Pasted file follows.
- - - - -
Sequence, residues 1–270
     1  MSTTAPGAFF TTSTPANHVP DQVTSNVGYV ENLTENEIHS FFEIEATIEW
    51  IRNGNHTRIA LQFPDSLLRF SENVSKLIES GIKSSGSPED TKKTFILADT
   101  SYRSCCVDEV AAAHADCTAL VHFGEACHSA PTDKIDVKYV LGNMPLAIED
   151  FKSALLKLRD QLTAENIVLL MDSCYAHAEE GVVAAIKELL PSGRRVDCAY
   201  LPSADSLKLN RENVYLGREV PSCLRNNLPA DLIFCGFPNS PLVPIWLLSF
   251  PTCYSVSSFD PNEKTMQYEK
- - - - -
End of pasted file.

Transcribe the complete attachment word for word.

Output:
Sequence, residues 1–270
     1  MSTTAPGAFF TTSTPANHVP DQVTSNVGYV ENLTENEIHS FFEIEATIEW
    51  IRNGNHTRIA LQFPDSLLRF SENVSKLIES GIKSSGSPED TKKTFILADT
   101  SYRSCCVDEV AAAHADCTAL VHFGEACHSA PTDKIDVKYV LGNMPLAIED
   151  FKSALLKLRD QLTAENIVLL MDSCYAHAEE GVVAAIKELL PSGRRVDCAY
   201  LPSADSLKLN RENVYLGREV PSCLRNNLPA DLIFCGFPNS PLVPIWLLSF
   251  PTCYSVSSFD PNEKTMQYEK